Responsible Online Family Photo Sharing

John McCrickert and Elizabeth McGinnes

[Editor’s note: Genealogy expert Thomas MacEntee discusses some of the issues involved in sharing family photos online.]

Given recent discussions in the genealogy community concerning copyright, theft of content and better ways to share family history research, the discussion always makes its way to the topic of copyright and family photographs. A disclaimer: the information below should not be construed as legal advice. These are my own personal and professional observations in the genealogy field related to copyright and digital images.

There are many issues to consider and despite what might seem like conflicting information, I’ve come up with various ways to share my old family photos online. These methods may not work for everyone; readers should develop methods with which they feel most comfortable.

After the Scan…The Share!

I scan a lot of family photos using my Flip-Pal and once I’ve created a digital library of the images, I’m looking for ways to share them. My audience is most often family members, but there also are times when I would like to post these images to social media sites or on a public online platform.

The most important realization for me has been this: once I post a photo online or publish a photo, I basically give up control of that image. Even emailing a photo to a family member can result in the loss of control, despite my requests not to share the image with others. If you do not want others to use your photos, don’t share them.

What Do You Want To Do With The Family Photo?

Before getting into any discussion on copyright and family photos, take a minute to review how you plan to use the digital image. Are you going to simply build a library of images for your own personal use for your genealogy research? If so, you really have no concerns about copyright and sharing the images.

But once you consider publishing the image—and publishing doesn’t just mean book publishing, it can also encompass posting online—then you really do need to consider all the implications of photo usage.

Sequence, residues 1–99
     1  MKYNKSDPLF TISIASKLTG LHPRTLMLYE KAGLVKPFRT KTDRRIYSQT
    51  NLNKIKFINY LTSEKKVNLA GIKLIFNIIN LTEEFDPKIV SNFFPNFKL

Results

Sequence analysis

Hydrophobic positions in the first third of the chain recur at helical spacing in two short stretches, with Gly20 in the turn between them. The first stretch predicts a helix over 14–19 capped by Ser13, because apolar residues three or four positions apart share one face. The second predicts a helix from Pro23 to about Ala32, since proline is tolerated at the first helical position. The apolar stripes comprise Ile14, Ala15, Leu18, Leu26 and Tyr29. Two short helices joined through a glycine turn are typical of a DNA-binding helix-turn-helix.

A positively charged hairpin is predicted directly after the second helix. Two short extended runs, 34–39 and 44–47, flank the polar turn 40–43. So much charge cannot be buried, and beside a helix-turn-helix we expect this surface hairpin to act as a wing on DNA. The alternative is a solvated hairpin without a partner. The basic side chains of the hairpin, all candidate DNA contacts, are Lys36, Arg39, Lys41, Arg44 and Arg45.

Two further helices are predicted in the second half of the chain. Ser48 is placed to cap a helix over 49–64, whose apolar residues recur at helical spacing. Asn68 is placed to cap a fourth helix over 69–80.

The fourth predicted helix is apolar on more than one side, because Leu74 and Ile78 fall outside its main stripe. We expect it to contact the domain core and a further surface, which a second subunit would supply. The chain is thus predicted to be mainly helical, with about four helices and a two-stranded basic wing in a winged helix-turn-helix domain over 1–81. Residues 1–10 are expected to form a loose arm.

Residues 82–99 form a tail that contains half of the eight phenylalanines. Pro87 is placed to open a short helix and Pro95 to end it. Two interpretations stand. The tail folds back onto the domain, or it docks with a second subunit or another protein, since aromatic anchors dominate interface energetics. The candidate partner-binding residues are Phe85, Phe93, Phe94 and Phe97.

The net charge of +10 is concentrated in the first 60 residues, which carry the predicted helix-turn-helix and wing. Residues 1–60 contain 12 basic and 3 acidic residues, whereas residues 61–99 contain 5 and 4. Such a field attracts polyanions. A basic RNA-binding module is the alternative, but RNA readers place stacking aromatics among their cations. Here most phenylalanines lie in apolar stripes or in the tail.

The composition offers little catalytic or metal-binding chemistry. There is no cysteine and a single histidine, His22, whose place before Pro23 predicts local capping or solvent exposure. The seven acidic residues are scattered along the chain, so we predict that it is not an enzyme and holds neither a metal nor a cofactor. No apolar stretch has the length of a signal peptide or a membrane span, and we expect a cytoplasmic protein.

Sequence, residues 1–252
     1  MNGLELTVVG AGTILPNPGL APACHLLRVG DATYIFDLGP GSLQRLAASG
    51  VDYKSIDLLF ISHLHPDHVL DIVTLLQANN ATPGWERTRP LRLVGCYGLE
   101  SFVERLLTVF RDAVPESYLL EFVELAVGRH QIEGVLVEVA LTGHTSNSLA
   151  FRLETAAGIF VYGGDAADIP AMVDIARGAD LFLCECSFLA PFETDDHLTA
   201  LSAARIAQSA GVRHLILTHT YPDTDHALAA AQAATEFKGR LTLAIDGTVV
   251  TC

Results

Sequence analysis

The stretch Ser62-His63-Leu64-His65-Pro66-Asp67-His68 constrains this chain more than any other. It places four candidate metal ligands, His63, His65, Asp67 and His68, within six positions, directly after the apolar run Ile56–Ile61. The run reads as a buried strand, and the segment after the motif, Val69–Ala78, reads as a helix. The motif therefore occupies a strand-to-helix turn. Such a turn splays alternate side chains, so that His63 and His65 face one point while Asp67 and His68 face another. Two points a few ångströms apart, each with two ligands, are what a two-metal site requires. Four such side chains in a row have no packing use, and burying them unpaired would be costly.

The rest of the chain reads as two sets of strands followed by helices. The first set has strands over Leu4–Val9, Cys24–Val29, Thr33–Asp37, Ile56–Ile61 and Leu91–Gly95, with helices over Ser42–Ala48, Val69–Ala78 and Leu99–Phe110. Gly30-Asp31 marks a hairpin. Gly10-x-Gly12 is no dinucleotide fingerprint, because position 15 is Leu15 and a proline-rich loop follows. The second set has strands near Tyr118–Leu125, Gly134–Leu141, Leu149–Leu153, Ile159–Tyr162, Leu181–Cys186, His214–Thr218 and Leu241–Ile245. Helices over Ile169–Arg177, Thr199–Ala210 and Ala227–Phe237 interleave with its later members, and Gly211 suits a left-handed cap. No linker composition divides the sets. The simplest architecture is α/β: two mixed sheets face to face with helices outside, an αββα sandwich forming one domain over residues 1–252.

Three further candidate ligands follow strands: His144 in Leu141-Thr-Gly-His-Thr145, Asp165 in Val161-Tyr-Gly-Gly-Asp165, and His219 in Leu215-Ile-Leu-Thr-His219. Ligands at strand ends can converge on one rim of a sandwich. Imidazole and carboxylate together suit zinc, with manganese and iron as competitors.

Old Photos vs. Recent Photos

There is a huge difference between sharing older family photos of your ancestors and more recent photos—especially those depicting living persons. Just as you would with information as part of your genealogy research, you need to be aware of the privacy issues involved with disclosing information about someone who is still alive.

One of the attractions of social media platforms such as Facebook, is the ability to quickly share information, including photos, and get instant feedback. Many love the immediate response but don’t often realize their audience and who is seeing the post.

A critical issue regarding online images involves photos of young children in the family. Many grandparents and older relatives want to share photos of newborns and toddlers but they often do not ask permission from the parents before doing so. Remember that once you post a photo, you basically lose control of what others can do with that image.

Think before you post and make sure you’ve covered all the bases in terms of other family members feeling comfortable with your online photo usage.

What Are Your Giving Up When You Post?

Many of us are quick to share photos online, but I doubt we read the terms of service for those websites. Do you really understand what that site can and can’t do with your uploaded image? Can they add it to their database and keep it there even after you delete the image? Can they use your photo for promotional purposes such as a sidebar ad in Facebook or some other site? Make sure you fully understand how your image will be used by the website and by others.

Track Photo Usage by Others

Once you’ve posted an image, despite the true lack of control that you surrender, you can still try to stay on top of the image’s usage. Two of the best tools can be found at Google.